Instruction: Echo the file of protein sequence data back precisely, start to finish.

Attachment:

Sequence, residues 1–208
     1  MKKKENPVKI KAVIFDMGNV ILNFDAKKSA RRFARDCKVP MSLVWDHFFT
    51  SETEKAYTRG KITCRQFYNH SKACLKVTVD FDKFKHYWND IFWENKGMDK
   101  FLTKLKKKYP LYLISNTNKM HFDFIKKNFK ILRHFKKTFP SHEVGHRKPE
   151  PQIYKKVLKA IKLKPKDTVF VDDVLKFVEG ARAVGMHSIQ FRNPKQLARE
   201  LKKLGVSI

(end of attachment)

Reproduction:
Sequence, residues 1–208
     1  MKKKENPVKI KAVIFDMGNV ILNFDAKKSA RRFARDCKVP MSLVWDHFFT
    51  SETEKAYTRG KITCRQFYNH SKACLKVTVD FDKFKHYWND IFWENKGMDK
   101  FLTKLKKKYP LYLISNTNKM HFDFIKKNFK ILRHFKKTFP SHEVGHRKPE
   151  PQIYKKVLKA IKLKPKDTVF VDDVLKFVEG ARAVGMHSIQ FRNPKQLARE
   201  LKKLGVSI